Gatherers Cordage Project

Cordage is a finer form of rope and can be made using a number of different kinds of plants. One of these is flax, a plant with many single, long, wide blades — which is what you want when looking for a plant to make cordage. Native Californians may have used cordage for a variety of reasons — to tie bundles of sticks together, to create a handle for a basket, to tie a baby into its cradle board, for bow strings or fishing nets. Can you think of other uses?

 

 


What you will need to bring –

  • An old wooden cutting board or the bottom of an aluminium pan
  • A butter knife, wooden knife, or mussel shell — as was traditionally used
  • A sharp pocket knife for cutting the plant — for Officers only
  • A pair of snippers
  • Plant material for each Gatherer — Flax (Linum usitatissimum).
  • A flat rock for flattening the dogbane sticks we supply. Please make sure to bring this with you — don’t try to find one at Colony Ross!

 


Bogbane {Apocynum cannabinum}

 

 

 

What will be provided to you at Colony Ross –

(When available) Dogbane will be provided. This will serve as a comparison to the flax or other plant material that the Gatherers harvest and bring with them to Colony Ross.

 

 

 

 

 


Flax {Linum usitatissimum}

 

Getting Ready to Make Cordage With Flax or Long-blade Leaves – Follow these instructions before sailing to Colony Ross. The images shown here are of Flax (Linum usitatissimum), but remember you can use an appropriate alternative long blade plant.

  • Locate a source of  Flax. Important Notes – Only take plants that you are legally allowed to harvest. Be sure of any regulations or restrictions when harvesting outside your own garden. Also be sure you only harvest plants that you know to be safe with %100 certainty — some plants don’t need to be ingested to be toxic!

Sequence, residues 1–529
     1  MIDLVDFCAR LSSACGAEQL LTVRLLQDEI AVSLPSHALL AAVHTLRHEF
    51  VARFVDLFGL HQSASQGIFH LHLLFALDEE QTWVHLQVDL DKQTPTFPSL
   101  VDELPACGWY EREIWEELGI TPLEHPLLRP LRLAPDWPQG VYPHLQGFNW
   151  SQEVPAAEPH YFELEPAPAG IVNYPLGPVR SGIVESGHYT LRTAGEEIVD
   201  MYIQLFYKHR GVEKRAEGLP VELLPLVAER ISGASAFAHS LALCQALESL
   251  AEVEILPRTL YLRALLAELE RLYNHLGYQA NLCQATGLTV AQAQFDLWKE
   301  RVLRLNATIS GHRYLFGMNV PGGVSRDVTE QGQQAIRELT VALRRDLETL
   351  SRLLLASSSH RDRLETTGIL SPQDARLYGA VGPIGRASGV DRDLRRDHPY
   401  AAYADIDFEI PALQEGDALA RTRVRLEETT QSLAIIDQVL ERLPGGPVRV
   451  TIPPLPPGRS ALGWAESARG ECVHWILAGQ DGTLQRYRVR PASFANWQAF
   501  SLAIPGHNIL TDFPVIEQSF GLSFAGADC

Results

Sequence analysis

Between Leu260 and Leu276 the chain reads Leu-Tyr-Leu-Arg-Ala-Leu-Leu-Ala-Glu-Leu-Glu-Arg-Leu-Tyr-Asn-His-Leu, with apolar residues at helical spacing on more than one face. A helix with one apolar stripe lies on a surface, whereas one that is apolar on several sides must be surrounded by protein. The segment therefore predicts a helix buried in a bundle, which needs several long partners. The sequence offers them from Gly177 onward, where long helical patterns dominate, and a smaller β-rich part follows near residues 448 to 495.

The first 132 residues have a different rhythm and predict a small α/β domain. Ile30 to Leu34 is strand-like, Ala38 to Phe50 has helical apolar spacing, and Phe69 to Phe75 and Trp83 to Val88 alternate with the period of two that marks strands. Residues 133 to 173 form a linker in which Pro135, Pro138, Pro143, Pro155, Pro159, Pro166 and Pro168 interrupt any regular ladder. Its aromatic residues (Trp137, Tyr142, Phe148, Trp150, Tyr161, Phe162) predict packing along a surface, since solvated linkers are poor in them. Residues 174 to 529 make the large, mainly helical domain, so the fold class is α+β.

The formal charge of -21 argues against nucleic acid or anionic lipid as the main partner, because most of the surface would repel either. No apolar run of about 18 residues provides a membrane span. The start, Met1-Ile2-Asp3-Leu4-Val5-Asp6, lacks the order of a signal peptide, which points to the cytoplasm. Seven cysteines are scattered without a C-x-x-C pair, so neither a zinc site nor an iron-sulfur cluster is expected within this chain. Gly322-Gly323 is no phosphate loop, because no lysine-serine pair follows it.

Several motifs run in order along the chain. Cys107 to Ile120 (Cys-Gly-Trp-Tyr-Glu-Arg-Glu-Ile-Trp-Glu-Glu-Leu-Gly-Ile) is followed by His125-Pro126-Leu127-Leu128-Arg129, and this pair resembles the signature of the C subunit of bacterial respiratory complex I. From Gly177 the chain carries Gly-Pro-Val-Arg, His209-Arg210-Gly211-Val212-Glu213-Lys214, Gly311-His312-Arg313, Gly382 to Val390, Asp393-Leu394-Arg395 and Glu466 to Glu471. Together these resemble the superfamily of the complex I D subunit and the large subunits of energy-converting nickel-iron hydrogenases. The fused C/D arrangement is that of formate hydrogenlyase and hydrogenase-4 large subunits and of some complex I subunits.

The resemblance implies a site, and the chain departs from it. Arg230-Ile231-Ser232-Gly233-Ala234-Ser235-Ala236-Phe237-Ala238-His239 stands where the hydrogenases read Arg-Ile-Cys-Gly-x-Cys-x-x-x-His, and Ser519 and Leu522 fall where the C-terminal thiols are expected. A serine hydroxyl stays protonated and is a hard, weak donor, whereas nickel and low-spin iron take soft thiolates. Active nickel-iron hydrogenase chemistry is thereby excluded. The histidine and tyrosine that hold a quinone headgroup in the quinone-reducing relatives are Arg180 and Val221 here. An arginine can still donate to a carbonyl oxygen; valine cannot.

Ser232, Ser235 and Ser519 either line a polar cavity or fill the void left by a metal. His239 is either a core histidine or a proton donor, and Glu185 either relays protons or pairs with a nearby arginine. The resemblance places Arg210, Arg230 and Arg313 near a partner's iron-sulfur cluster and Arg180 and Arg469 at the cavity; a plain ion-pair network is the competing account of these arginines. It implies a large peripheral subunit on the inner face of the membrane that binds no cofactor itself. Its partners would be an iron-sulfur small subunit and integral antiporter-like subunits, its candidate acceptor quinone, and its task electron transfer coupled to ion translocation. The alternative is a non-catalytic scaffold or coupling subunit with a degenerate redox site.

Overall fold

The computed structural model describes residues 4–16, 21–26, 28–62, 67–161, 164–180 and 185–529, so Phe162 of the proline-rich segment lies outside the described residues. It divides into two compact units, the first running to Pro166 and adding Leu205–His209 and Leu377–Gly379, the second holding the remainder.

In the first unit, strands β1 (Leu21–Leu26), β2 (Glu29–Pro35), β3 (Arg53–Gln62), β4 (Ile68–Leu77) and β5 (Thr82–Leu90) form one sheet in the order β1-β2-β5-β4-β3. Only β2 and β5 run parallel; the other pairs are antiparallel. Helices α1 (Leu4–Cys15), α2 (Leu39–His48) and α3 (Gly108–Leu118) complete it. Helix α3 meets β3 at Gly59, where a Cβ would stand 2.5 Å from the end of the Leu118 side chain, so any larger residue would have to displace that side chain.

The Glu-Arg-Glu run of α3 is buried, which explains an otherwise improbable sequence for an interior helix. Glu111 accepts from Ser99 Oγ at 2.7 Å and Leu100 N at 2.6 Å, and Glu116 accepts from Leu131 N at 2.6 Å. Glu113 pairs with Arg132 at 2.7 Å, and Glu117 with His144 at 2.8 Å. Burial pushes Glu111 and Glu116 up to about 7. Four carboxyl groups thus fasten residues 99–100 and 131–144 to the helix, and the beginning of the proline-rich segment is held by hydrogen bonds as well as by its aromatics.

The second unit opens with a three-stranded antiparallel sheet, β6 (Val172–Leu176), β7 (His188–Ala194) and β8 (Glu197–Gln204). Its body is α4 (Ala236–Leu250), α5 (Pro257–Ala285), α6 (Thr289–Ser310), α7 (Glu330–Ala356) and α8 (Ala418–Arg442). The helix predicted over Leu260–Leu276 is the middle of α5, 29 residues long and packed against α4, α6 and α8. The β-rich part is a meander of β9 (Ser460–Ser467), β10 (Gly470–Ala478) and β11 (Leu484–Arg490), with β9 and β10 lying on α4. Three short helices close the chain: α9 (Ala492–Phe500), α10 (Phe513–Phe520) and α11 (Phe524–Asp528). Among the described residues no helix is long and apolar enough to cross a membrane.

Harvesting – Plan your harvesting schedule, according to the plant material you will be gathering.

  • Flax must be fresh in order to make cordage, so you’ll want to collect a few large blades per person, the day before your journey to Ross.
  • Follow the blades from the tip (Sky end) back towards the earth (Earth end). Identify the group of three, lighter green blades snug against each other. You will leave these three intact so that this part of the  plant can continue to grow.
  • On the right and left sides of these three blades, you’ll find one more blade of a darker shade of green. Cut these blades from the outside of the fan — between the thumb and pinky finger in the photo — about three inches from the base of the plant.
  • As long as you leave the three young blades in the center, you will, in effect, be pruning the plant and enabling it to continue to grow in a healthy way.
  • Wrap these blades in a wet towel and put into a plastic bag.
  • Bring a butter knife and work surface — a small cutting board or wide-bottom aluminum pan will work well.
  • Note: When it’s available at Colony Ross, you will also have the opportunity to work with our pre-harvested dogbane. In this case, the Gatherers will produce two kinds of cordage whose colors and textures you can compare, contrast and enjoy!

Flax {Linum usitatissimum}

How-to Videos and Instructions – Before coming to Colony Ross, watch the following videos to familiarize yourselves with the process of making Flax and Dogbane cordage. Officers may want to do a trial run before sailing to Colony Ross. Timing on site may be tricky, and you should be prepared to do this project without instructions from the ELP Instructor! The method of extracting plant fibers for cordage is different depending on the plant you are using. However, the method of twisting the fibers into cordage is largely the same for all the plants discussed on this page.

Extracting Fibers from New Zealand Flax to Make Cordage

Flax Cordage: Twisting Cleaned Fibers of New Zealand Flax

Extracting Fibers from Dogbane to Make Cordage